These holes were already there from previous owner. They had them covered with a white painted piece of wood. So I ended up using these to pull along a Coax and Cat6 cable from my storage area where my router and coax spliter resided. That was fun to do...
 

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Discussion Starter #4
4.) Fourth step was figuring out what kind of screen I wanted and if I should purchase or go the DIY route. After many hours of research and reading hundreds of pages of different posts I decided to go the DIY route. This lead me to a wonderful gentleman and expert in this business. He goes by the name MississippiMan. I can't thank him enough for the amount of help he offered along the way and the time he spent replying to all of my questions.

Projector, mount, and paint for the screen is purchased. I had my Dad's company make me a custom L bracket with holes drilled to match the projector mount. Bracket was perfect and I think was sturdy enough to hold a few cars + my projector :).
 

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Discussion Starter #5
5.) Fifth step, mounting projector and deciding on screen size. I Ran the HDMI and power cables through my ceiling. I originally had a hole drilled in my custom L bracket where I planned to run the cables through to have a cleaner look but my brother in law that did home construction said it's a big no no to drill a hole that size through my main beam :eek:. Since I do not build houses for a living I took his word for it and drilled a hole in my ceiling and ran the cables over the top of the beam (another fun task). After I had power and video to my projector the fun times began :). I booted it up and started messing with screen sizes. We watched a few movies at different sizes and was shocked at how well the image looked on a Dark green painted wall..who woulda guessed. I was impressed and had almost contemplated not even having a screen. But after watching various content you can definitely tell the whites were greenish.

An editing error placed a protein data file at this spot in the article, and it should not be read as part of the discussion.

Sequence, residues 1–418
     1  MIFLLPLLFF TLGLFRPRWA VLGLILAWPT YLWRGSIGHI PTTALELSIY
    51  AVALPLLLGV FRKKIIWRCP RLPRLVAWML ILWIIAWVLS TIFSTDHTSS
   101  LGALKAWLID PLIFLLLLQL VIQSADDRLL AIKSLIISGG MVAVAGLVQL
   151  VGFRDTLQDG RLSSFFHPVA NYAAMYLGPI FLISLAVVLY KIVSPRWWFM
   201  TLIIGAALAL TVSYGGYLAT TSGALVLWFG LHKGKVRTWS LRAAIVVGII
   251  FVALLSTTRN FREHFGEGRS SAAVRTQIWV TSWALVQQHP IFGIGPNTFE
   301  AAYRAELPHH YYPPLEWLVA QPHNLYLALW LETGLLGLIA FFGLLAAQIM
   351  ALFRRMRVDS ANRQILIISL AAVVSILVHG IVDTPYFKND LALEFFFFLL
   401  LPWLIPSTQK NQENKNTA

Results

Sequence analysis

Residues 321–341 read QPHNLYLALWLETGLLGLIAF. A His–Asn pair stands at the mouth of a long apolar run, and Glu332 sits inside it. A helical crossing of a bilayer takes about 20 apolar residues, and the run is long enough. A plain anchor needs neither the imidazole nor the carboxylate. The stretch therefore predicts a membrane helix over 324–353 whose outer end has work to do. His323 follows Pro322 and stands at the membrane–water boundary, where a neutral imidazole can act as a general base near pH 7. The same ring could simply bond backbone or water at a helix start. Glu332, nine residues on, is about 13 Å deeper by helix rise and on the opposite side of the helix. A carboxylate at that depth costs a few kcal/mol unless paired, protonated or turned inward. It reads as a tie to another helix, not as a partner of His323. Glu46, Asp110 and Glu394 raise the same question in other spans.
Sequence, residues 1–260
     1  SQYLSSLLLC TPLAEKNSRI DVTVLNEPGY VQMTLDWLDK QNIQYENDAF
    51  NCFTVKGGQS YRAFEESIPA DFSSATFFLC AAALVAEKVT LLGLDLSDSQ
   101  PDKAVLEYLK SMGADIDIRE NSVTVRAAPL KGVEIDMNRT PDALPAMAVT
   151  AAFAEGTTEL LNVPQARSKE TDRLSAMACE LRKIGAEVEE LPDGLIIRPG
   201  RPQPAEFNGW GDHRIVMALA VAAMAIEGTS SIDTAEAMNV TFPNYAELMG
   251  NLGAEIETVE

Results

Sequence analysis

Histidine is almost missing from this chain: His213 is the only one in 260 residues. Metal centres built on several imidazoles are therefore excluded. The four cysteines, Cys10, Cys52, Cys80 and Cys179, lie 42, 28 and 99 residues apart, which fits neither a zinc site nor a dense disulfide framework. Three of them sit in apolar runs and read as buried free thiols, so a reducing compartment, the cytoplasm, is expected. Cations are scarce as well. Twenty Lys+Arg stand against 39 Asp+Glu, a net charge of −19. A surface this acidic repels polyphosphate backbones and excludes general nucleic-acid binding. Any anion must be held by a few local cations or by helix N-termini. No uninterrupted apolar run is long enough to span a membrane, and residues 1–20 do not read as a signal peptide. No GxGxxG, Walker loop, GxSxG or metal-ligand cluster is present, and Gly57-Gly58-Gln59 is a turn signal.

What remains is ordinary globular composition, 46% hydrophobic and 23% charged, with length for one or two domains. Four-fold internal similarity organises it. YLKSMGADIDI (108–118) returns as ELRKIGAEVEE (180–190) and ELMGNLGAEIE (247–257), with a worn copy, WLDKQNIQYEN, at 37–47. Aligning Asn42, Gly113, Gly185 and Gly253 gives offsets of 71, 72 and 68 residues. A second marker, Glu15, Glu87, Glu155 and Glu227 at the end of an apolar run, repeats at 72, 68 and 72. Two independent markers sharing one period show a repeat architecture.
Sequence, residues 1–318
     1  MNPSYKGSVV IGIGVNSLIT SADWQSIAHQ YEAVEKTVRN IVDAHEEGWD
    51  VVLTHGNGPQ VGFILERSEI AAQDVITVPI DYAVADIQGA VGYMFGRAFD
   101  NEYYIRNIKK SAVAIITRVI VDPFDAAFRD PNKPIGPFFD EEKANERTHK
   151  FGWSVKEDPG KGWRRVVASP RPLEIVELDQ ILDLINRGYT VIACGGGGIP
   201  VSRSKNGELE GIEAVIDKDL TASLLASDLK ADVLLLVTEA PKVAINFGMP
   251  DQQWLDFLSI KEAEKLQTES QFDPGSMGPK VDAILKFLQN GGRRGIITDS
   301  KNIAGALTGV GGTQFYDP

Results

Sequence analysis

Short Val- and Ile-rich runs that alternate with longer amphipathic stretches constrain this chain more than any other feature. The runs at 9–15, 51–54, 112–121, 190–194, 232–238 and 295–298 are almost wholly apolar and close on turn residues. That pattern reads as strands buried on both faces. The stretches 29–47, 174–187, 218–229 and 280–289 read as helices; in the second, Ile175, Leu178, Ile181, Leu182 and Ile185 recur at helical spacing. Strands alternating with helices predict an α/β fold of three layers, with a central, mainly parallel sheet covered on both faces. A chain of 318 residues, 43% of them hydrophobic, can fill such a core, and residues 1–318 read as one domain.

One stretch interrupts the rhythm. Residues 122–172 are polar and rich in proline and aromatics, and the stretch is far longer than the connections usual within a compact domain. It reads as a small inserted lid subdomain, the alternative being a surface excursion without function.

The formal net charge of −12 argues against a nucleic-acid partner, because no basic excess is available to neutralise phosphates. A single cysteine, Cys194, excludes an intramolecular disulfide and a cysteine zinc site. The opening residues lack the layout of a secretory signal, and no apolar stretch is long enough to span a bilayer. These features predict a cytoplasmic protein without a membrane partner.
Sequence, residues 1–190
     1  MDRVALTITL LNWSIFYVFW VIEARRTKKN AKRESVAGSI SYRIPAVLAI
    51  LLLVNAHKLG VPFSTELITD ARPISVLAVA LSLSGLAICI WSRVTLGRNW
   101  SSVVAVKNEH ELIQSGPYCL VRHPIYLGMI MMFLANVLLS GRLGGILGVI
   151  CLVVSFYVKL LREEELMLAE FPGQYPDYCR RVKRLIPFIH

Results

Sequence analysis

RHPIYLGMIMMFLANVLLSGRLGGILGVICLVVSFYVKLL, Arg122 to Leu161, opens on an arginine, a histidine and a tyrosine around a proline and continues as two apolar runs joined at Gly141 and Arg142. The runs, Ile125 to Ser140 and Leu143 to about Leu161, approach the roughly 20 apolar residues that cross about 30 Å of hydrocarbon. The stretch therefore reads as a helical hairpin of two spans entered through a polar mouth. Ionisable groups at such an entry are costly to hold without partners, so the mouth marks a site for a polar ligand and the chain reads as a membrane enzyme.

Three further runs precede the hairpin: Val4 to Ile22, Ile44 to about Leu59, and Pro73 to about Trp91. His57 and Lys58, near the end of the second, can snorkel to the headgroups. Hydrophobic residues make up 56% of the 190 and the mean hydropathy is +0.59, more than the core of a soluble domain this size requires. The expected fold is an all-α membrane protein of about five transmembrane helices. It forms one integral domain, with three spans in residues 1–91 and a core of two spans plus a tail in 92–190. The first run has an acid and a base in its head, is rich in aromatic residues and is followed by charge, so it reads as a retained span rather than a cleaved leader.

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Looks really cool! Your av rack is a lot like mine. I just put a backing on mine. Found that it got hot inside so I added some fans. For now I have the fans on a switch but I may end up going with a thermal sensor so they come on automatically when it gets to hot. But it works well. Check out the end of my build for specifics.


Edit: Page one I have some shots on the construction of the "rack" or shelves what ever you wanna call it. It's funny you said you had to cut out a 2x4 stud and move it a little because I had to do exactly that as well. Then if you look at the end of the build you can see the backing and all that. I may go buy another pice of the backing material to redo it and make it look a little cleaner but it dose what it's suppose to. I suppose if I did end up going with a thermal sensor then maybe I'll rebuild it. Will see.